If an airline is blacklisted because it holds an AOC from a jurisdiction in which the technical and regulatory processes have been deemed deficient in ensuring a satisfactory level of protection for passengers from safety risks, the airline may need to apply to obtain an AOC from a country that is not blacklisted. The airline may also be able to negotiate an exemption from being included on the EU airline blacklist. Alternatively, the airline may consider entering into an ACMI agreement (Aircraft, Complete-crew, Maintenance, and Insurance Agreement), otherwise known as a wet-lease. The ACMI agreement would allow the airline from the blacklisted jurisdiction to continue operating by wet-leasing an aircraft from a jurisdiction which is not on the EU airline blacklist.

An example of an airline that continued operating, despite being based in a blacklisted jurisdiction, is that of TAAG Angola Airlines. In 2007 TAAG was added to the EU airline blacklist. In order to continue operating its flights to the EU, TAAG entered into a wet lease with South African Airways in terms of which an aircraft was flown with a crew that combined members of TAAG and South African Airways. In 2009 TAAG received an exemption to fly certain specified aircraft to the EU on the basis that these aircraft met the requisite safety standards. In 2010, the EU lifted further restrictions on TAAG effectively allowing the Angolan airline to fly certain of its aircraft to all EU countries. Because these restrictions were lifted, TAAG was able to terminate the wet lease agreement with South African Airways.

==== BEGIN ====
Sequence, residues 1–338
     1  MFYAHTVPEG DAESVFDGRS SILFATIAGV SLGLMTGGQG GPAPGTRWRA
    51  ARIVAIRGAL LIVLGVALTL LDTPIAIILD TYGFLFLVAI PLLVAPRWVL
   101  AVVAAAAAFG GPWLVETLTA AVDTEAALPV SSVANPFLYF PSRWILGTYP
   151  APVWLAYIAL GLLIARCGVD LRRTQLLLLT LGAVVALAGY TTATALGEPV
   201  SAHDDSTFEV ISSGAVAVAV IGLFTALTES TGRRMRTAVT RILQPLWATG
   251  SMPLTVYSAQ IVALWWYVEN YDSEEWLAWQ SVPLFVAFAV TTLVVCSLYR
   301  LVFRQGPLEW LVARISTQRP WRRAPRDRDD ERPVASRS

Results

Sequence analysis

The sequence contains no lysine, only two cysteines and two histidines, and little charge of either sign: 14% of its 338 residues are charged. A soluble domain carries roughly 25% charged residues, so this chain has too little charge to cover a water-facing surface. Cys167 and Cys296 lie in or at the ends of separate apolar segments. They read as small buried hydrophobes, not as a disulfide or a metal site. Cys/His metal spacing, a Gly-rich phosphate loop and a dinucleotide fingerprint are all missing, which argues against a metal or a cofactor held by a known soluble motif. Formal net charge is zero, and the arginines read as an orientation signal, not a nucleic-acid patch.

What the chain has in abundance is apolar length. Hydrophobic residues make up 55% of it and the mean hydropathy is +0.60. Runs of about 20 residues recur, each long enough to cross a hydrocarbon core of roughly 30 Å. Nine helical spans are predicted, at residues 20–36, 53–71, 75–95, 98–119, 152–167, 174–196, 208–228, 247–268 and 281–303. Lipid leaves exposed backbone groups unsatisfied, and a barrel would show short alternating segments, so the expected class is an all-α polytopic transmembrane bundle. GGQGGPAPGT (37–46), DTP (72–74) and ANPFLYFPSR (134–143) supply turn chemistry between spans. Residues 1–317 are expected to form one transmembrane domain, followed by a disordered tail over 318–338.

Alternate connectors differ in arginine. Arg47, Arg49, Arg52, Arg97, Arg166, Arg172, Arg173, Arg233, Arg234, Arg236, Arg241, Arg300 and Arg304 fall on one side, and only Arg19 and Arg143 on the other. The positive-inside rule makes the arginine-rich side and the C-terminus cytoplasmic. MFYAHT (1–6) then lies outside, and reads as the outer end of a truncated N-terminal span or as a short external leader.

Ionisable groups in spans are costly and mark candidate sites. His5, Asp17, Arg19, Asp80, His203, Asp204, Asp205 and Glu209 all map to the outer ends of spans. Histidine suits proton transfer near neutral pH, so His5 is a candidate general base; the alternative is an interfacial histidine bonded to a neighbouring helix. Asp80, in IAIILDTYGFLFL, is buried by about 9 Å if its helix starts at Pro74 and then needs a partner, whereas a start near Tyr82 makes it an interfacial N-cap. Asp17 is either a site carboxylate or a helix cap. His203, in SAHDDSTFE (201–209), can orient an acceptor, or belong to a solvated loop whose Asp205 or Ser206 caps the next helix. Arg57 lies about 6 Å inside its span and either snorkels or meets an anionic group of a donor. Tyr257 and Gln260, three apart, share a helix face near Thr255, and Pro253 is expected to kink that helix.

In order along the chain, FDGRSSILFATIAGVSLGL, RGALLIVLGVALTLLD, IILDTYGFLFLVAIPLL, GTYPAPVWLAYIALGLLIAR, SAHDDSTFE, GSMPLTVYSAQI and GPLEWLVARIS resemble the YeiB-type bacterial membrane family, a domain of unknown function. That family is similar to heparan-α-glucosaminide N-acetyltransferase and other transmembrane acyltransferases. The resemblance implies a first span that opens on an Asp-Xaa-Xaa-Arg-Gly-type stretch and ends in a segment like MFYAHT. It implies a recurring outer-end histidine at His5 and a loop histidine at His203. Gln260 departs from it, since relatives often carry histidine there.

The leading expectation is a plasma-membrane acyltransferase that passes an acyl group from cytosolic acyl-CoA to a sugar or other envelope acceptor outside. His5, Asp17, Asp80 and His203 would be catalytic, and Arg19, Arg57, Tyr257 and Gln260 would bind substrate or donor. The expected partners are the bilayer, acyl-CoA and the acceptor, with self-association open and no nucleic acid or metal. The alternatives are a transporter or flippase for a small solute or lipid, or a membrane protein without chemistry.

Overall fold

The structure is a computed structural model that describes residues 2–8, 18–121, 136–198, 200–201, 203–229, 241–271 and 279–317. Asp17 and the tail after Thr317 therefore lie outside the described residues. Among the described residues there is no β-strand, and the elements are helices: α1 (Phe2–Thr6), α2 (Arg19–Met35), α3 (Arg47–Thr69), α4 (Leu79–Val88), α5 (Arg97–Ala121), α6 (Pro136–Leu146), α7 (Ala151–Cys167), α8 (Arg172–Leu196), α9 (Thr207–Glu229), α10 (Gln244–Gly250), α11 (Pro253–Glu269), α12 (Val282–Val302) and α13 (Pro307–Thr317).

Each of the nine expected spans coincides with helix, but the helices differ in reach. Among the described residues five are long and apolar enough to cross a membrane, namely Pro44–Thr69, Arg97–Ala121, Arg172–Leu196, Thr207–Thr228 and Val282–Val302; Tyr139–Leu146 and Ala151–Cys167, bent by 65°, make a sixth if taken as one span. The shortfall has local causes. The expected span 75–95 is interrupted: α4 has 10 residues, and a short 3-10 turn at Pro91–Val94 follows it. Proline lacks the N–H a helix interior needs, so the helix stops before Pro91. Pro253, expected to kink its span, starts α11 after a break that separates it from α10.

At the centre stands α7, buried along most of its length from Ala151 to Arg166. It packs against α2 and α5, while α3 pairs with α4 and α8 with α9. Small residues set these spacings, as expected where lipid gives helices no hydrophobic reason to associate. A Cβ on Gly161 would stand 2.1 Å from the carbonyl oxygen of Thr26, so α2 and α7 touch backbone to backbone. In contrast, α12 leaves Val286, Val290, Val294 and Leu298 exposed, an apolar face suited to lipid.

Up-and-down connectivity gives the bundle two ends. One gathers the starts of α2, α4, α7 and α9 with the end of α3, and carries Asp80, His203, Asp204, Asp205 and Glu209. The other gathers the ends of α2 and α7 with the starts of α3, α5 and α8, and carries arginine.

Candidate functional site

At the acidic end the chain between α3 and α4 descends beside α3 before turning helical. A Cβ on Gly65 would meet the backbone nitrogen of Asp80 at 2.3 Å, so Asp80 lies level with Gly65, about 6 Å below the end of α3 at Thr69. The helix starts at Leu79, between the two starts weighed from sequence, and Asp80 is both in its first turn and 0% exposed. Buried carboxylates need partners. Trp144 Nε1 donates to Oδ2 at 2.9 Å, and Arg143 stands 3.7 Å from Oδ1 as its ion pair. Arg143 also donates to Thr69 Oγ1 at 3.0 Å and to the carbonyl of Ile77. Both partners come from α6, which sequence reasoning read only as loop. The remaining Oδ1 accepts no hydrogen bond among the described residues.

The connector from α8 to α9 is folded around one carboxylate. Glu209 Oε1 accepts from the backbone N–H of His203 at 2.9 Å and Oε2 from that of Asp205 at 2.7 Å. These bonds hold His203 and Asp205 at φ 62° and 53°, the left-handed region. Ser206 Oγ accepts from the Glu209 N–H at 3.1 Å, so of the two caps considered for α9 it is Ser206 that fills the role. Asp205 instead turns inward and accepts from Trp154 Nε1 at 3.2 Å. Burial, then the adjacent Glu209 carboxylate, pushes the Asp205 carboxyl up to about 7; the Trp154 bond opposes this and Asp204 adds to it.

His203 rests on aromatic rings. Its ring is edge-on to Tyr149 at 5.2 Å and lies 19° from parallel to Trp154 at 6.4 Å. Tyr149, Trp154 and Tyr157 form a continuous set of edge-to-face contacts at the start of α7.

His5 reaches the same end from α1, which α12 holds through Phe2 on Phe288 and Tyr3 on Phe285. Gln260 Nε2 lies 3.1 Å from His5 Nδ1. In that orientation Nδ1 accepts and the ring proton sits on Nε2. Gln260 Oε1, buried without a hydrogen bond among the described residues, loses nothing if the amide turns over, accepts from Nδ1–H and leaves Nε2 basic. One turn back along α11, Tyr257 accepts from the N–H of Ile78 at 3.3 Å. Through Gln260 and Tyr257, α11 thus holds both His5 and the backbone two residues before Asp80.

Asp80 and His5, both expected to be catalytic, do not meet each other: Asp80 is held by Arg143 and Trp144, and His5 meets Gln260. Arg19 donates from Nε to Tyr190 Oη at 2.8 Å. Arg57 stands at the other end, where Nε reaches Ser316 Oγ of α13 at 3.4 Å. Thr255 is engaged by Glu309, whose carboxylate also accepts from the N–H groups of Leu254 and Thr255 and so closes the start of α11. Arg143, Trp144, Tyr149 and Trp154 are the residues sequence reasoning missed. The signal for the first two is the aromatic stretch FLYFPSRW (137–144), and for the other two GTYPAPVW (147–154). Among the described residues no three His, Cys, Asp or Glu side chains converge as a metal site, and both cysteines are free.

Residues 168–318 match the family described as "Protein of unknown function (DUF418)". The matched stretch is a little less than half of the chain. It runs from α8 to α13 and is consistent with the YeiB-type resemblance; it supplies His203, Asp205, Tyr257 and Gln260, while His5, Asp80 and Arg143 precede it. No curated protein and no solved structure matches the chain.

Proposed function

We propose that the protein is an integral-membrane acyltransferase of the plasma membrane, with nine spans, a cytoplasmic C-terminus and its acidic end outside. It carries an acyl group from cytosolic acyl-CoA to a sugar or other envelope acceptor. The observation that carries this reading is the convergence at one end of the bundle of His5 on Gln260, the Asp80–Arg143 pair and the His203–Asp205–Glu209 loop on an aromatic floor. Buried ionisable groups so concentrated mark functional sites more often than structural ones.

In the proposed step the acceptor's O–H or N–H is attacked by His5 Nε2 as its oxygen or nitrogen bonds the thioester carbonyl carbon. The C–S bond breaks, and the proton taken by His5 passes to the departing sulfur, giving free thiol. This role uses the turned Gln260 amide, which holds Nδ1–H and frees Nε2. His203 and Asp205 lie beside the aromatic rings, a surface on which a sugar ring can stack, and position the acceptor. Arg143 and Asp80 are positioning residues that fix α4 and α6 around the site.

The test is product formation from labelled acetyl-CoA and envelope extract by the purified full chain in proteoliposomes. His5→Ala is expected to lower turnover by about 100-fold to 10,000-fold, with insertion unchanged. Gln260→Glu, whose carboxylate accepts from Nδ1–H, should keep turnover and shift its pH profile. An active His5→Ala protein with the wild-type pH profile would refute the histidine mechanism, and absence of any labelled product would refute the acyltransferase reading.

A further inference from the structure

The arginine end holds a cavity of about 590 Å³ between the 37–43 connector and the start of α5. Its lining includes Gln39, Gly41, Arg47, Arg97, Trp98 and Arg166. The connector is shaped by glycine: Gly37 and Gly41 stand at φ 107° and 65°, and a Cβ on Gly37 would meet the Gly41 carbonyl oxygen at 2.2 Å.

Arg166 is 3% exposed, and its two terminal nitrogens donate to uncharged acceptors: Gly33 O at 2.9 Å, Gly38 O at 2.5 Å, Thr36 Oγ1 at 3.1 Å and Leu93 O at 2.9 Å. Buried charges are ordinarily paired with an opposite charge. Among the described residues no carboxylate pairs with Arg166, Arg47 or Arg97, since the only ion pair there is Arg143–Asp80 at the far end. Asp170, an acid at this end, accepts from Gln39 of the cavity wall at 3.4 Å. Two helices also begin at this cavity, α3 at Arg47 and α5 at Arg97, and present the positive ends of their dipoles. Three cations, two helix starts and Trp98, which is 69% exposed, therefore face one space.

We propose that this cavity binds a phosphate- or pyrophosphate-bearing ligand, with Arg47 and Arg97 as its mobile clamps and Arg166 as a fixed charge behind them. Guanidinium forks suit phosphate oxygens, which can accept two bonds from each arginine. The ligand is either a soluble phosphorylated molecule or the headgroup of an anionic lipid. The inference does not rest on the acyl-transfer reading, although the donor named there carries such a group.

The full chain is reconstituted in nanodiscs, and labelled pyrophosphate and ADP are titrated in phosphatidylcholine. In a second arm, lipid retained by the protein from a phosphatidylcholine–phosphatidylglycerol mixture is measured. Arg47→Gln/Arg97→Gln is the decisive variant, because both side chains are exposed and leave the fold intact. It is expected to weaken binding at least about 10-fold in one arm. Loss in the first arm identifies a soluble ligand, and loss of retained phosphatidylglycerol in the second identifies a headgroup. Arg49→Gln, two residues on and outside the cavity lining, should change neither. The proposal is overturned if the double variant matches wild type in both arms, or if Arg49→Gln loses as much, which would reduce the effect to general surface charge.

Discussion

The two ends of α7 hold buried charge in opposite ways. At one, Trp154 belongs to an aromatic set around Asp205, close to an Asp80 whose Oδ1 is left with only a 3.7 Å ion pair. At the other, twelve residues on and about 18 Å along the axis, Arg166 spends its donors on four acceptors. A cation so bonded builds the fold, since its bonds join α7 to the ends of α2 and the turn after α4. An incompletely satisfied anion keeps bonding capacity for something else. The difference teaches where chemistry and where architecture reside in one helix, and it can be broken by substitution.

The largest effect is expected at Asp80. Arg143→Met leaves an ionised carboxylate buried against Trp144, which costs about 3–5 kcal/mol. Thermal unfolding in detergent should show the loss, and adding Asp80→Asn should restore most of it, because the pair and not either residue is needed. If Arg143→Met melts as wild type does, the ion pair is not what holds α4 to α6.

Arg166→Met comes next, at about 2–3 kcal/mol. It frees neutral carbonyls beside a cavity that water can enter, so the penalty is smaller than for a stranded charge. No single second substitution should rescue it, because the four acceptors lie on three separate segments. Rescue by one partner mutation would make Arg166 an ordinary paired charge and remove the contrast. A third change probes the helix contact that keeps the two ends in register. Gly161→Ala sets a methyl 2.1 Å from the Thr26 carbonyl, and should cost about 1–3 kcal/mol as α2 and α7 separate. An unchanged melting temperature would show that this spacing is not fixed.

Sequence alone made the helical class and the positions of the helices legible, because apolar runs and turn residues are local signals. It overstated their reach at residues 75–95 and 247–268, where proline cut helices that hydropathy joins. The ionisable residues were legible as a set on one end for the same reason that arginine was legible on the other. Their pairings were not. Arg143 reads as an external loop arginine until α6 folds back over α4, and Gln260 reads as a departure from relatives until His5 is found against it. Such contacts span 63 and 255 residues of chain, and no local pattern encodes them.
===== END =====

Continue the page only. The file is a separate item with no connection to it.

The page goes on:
The common criteria on which airlines are included in the EU airline blacklist are set out in the Annex to Article 4 of Regulation (EC) No 2111/2005 and include serious deficiencies on the part of an air carrier, such as systemic safety deficiencies, accident-related information, and a lack of ability or willingness of an air carrier to address these deficiencies by not implementing appropriate or insufficient corrective action plans.

The common criteria in the Annex to Article 4 of Regulation (EC) No 2111/2005 also mention the lack of ability or willingness of the authorities responsible to ensure that an air carrier addresses safety deficiencies. This would normally be evidenced by the fact that the competent authorities do not exercise the necessary regulatory oversight to enforce the relevant safety standards.

Although the situation may appear dire for many of the airlines on the EU blacklist, there are many avenues, a few of which are discussed in this article, by which an airline can work to have itself speedily removed from the EU blacklist and to continue operating profitably.

Canadian ownership and control requirements - Recent developments